Monday, February 24, 2014

Jackie's Impressed With This Debut Novel, and Invites You To Meet The Author Tomorrow Night

Their average age was twenty-five. They came from Berkeley, Cambridge, Paris, London, Chicago—and arrived in New Mexico ready for adventure, or at least resigned to it. But hope quickly turned to hardship as they were forced to adapt to a rugged military town where everything was a secret, including what their husbands were doing at the lab. They lived in barely finished houses with P.O. box addresses in a town wreathed with barbed wire, all for the benefit of a project that didn’t exist as far as the public knew. Though they were strangers, they joined together—adapting to a landscape as fierce as it was absorbing, full of the banalities of everyday life and the drama of scientific discovery.

And while the bomb was being invented, babies were born, friendships were forged, children grew up, and Los Alamos gradually transformed from an abandoned school on a hill into a real community: one that was strained by the words they couldn’t say out loud, the letters they couldn’t send home, the freedom they didn’t have. But the end of the war would bring even bigger challenges to the people of Los Alamos, as the scientists and their families struggled with the burden of their contribution to the most destructive force in the history of mankind.

The Wives of Los Alamos is a novel that sheds light onto one of the strangest and most monumental research projects in modern history. It's a testament to a remarkable group of women who carved out a life for themselves, in spite of the chaos of the war and the shroud of intense secrecy.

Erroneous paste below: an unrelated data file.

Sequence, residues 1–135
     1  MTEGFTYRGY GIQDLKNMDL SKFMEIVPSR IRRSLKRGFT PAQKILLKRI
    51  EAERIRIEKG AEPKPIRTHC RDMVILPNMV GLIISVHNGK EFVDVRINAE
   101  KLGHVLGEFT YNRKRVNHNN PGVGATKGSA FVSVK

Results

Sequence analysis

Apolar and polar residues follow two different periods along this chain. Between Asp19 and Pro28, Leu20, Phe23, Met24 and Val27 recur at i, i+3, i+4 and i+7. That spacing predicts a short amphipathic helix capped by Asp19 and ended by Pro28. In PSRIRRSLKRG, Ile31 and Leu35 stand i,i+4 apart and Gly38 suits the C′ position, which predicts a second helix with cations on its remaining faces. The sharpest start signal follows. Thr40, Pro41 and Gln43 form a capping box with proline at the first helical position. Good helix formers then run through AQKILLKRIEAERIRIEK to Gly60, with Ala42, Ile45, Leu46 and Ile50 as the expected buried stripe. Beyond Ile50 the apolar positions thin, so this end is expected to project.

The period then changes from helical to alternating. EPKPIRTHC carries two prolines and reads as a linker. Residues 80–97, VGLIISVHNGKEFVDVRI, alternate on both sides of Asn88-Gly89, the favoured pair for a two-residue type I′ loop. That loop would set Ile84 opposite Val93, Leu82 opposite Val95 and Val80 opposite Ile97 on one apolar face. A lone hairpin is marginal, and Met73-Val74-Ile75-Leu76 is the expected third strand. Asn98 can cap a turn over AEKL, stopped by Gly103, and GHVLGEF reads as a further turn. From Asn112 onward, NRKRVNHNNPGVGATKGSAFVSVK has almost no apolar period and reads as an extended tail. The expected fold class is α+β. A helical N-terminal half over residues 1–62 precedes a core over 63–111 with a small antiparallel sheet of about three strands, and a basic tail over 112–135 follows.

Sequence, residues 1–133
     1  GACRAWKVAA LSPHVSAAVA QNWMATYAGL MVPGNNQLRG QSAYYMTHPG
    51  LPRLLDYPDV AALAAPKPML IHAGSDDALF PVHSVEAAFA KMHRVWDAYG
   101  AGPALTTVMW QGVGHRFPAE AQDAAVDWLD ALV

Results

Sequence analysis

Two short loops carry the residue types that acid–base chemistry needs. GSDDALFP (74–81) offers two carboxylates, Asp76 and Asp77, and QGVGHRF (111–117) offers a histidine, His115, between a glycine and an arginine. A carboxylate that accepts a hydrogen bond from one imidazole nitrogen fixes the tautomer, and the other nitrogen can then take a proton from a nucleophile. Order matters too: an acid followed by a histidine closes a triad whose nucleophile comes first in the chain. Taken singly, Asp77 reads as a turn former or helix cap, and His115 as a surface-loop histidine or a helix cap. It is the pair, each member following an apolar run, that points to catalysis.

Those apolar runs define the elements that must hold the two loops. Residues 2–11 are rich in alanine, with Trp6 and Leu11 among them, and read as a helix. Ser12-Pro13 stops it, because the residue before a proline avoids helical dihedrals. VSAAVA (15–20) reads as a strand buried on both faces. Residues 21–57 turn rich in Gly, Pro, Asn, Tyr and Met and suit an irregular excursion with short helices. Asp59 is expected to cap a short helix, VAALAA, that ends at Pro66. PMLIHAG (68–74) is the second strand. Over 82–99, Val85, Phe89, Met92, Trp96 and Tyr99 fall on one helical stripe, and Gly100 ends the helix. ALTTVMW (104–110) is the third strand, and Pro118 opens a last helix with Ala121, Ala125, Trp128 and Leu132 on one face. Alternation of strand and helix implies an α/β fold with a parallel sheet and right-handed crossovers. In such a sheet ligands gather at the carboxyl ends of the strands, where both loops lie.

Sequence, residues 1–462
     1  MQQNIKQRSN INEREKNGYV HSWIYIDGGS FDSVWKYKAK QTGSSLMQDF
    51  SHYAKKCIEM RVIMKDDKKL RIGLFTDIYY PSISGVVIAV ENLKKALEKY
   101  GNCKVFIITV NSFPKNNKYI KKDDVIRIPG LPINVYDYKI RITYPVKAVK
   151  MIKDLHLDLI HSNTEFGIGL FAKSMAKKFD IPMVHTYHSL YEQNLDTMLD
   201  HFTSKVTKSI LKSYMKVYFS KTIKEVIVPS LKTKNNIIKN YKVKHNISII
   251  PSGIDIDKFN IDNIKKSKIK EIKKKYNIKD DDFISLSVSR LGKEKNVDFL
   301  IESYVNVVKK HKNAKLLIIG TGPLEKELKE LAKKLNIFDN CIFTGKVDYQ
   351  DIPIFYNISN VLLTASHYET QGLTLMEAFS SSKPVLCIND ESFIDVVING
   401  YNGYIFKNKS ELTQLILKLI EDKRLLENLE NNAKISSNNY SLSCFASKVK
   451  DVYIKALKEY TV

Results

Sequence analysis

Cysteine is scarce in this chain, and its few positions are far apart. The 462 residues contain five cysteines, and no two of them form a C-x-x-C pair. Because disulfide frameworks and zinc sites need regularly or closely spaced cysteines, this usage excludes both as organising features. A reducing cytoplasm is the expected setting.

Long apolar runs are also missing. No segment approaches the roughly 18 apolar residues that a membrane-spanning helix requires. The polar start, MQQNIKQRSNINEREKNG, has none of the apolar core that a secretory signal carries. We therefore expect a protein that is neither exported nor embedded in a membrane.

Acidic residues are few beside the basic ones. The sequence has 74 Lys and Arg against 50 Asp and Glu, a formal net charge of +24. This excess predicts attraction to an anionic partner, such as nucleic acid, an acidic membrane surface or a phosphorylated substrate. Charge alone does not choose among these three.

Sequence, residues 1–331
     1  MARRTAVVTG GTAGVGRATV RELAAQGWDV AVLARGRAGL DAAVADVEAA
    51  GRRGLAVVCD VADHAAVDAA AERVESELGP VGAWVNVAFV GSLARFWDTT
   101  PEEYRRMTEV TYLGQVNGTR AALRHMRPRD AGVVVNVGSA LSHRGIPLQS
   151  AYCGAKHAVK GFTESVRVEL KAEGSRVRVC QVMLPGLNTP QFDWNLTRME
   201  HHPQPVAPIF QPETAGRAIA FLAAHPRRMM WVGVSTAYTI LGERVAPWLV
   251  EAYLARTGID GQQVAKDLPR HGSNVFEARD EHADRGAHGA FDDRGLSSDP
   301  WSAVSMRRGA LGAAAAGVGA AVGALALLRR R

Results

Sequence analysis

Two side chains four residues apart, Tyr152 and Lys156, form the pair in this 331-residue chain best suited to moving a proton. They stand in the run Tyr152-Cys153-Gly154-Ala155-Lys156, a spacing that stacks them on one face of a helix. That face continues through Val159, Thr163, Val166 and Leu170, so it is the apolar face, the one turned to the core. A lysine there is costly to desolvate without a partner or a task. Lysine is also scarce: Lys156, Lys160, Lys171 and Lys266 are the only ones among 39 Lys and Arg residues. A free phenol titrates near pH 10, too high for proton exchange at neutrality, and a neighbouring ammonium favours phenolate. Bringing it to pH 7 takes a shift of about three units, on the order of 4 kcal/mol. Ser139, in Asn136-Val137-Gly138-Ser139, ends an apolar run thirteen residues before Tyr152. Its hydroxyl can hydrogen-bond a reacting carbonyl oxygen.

Jackie says:
"I've never read a book like this.  It's done in straight on point of view, but in a collective.  The entire book was 'We did this. We learned this.  We rarely saw our husbands.  We tried to make this muddy and unpleasant into a home. We were kept completely in the dark. They had to change their names and become someone else.  Los Alamos was a city with barbed wire surrounding it, started by a handful of people but ending up with thousands.  There was a military presence as well as a lay scientific group (the husbands and a handful of women in the labs).  The wives took turns being the teachers, the babysitters, trying to raise a family in this place of little explanation.  No one there could tell their extended family and friends where they went or why they couldn't visit.   It was years before grandparents, aunts and uncles got to see their new family members born at Los Alamos (they didn't even know the name or even the state their family had been whisked out to--all they could say is 'we're in the west').  Everything was monitored and rationed.  This is a very interesting book about an era that has been kept quiet since it was first conceived.  It's a window into a not so free United States and what genius can do for the world and to individuals."

The event is free and open to the public.   

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